0109_Rational for Control of Anthropogenic Nitrogen and Phosphorus to Reduce Eutrophic



ESEL Paper Review_20120109
By Hong Guo

1,Title and Author

Title: Rational for Control of Anthropogenic Nitrogen and Phosphorus to Reduce Eutrophication of Inland Waters

Journal: Environmental Science and Technology


William M.Lewis,Jr1, Stephan Pfisher2, and Stefanie Hellweg3  

1.Cooperative Institute for Research in Environmental Science, Department of Ecology and Evolutionary Biology, University of Colorado, Boulder, Colorado 80309-0216, United States
2.Department of Watershed Science and the Ecology Center, Utah State University , Logan, Utah 84322-5210, United States
3,Institute of Marine Science, University of North Carolina at Chapel Hill, Morehead City, North Carolina 28557, United States

2. Summary of Paper

In this paper, authors describe the importance of the dual control of the N and P for the eutrophication. As we know, restriction of the anthropogenic release of both N and P to inland waters is a means of controlling excessive algal growth.  The authors have a conclusion those lines of evidence that nutrient control based on both P and N offers a broader range of strategies and reduces the potential for corollary damage caused by anthropogenic mobilization of N. P regulation should be based on total P (for lakes) or total dissolved P (for flowing waters). N regulation should be based on bioavailable N rather than total N.

2.1 Comparisons of phosphorus and nitrogen as limiting nutrients in lakes
In order to controlling the excessive algal growth, it is important to know which element limits the expansion of algal population when their stops because of nutrient depletion. Nowadays, we give more attentions to the P limitation than N in the inland waters for following reasons: (1) Easily removed from anthropogenic sources (2)  N control is ineffective(N fixation by cyanobacteria) (3) the correlation between chlorophyll and  total P among lakes is stronger than the correlation between chlorophyll and total N

So if the main source of the phosphorus is waste effluent, it is effective strategy to use flocculation and sedimentation process to control the P. however,  it is infeasible of nonpoint  sources pollution. Moreover, nutrient enrichment experiments for lakes shows that nitrogen limitation is globally as common as phosphorus limitation. On the other words, the single regulation for P control is not unrealistic. When the limitation factors are both of P and N, authors found that growth repose ratios of freshwater phytoplankton are significantly increase.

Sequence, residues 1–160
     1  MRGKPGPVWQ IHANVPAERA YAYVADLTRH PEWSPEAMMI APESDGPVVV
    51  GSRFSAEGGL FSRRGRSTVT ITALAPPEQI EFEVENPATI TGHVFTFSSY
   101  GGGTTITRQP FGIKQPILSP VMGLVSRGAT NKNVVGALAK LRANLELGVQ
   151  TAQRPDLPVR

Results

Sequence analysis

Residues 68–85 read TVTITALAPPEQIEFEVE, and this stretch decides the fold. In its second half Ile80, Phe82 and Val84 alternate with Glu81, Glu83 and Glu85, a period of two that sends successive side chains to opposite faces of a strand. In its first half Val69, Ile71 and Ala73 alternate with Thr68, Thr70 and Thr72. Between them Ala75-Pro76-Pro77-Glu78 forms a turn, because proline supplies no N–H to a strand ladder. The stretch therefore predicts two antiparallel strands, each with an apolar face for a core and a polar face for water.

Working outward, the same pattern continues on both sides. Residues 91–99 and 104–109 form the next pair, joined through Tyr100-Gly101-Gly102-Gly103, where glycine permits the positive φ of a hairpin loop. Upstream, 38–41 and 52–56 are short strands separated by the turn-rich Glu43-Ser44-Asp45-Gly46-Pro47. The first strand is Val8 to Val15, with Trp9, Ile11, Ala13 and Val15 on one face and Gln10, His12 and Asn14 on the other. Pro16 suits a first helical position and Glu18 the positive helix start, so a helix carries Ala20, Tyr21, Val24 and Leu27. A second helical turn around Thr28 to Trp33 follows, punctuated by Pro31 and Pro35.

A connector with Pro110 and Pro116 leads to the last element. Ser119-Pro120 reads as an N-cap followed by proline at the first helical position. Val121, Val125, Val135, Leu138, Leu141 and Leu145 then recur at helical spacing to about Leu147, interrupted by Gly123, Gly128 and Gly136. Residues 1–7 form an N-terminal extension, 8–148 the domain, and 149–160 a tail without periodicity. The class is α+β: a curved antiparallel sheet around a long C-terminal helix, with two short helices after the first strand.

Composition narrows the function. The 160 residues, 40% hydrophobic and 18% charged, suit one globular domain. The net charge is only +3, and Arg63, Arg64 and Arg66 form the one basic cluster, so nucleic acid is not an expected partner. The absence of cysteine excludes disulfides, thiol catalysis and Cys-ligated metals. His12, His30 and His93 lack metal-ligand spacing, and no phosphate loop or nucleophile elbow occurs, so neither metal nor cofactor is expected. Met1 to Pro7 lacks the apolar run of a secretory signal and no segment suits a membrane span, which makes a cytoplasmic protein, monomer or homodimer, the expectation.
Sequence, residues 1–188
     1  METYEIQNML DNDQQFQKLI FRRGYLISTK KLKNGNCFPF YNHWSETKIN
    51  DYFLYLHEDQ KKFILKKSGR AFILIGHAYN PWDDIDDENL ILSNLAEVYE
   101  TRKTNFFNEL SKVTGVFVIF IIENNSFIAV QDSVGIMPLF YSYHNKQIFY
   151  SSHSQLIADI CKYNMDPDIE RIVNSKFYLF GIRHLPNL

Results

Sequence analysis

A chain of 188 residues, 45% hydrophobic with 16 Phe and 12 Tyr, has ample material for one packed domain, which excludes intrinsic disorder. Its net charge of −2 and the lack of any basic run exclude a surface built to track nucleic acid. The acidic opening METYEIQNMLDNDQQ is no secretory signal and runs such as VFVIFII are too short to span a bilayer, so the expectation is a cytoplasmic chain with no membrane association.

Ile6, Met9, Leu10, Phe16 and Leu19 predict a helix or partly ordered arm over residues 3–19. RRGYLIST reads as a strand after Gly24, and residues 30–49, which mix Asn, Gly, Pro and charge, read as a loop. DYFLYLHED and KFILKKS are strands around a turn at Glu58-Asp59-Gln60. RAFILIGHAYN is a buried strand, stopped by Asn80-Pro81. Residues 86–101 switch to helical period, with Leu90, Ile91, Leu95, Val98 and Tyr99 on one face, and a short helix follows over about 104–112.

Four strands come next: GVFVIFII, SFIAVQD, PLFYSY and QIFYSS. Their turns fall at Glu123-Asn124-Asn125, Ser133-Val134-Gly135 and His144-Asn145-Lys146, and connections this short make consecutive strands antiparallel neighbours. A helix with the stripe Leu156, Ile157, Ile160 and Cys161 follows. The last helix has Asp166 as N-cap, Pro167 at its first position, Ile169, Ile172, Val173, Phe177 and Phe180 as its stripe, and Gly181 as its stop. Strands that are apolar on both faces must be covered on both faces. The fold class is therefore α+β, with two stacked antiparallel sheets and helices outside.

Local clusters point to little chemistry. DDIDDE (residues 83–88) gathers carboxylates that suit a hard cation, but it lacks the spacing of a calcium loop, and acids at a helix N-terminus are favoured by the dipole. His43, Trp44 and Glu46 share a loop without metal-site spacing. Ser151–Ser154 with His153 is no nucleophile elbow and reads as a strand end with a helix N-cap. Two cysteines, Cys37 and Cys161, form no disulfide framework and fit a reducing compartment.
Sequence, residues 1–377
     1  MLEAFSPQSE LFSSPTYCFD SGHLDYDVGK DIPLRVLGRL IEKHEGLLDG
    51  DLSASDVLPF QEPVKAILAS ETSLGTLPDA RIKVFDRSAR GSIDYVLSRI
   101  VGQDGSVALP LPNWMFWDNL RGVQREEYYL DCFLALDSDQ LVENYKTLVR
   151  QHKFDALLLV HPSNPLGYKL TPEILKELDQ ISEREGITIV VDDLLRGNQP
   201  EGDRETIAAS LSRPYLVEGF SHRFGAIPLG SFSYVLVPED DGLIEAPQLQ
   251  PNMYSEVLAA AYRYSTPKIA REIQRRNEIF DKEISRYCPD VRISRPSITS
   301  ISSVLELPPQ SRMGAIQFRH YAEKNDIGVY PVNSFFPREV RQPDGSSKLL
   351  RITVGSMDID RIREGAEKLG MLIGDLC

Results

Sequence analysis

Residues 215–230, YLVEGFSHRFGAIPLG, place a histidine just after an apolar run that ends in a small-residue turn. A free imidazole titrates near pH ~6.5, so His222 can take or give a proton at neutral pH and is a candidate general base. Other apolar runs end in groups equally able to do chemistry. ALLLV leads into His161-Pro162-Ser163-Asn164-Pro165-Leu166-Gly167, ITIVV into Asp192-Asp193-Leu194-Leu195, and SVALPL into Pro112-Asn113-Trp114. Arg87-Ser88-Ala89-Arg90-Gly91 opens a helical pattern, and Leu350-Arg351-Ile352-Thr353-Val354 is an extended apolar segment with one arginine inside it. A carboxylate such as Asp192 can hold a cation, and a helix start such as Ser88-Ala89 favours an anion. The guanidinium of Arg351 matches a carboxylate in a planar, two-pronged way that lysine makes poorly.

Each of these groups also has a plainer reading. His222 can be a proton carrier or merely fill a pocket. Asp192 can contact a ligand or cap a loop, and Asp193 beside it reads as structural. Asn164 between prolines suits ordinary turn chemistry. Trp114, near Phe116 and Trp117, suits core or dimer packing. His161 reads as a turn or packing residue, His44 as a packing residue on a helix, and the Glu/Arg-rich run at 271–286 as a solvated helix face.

2.2 Control of N, P or both

For the cost control, single P control is much less expensive than control of both N and P.  However P control may not provide enough phosphorus recovery to reduce algal biomass in the case of nonpoint phosphorus or background phosphorus sources are strong enough to sustain eutrophic conditions.  Moreover, allowing nitrogen to be released indiscriminately from on water body to another through the drainage network could cause wide spread simulation of algal growth by providing nitrogen to algal communities downstream that otherwise would be nitrogen limited. Thus, dual nutrient control has multiple advantages.

2.3 Strategies for limiting phosphorus and nitrogen in the environment.

Compare to P control , the concept of bioavailability suggests that water quality standards for N should be based on total N minus refractory DON, regulating total  N without adjusting for unavailable DON would be equally effective but would lower the feasibility and raise the cost of N control. 

3. Contribution:

This paper reviews the concept of controlling the nutrient growth in the lakes and streams. The most interesting for the paper is the dual control of N and P.  Generally, when we consider the eutrophication, we mostly talk about the regulation of the P control. And my research before also just focus on the P control. (Both of particle P and dissolved P) the authors give the dual control concept to us. 

4. Author information:
Email: lewis@spot.colorado.edu

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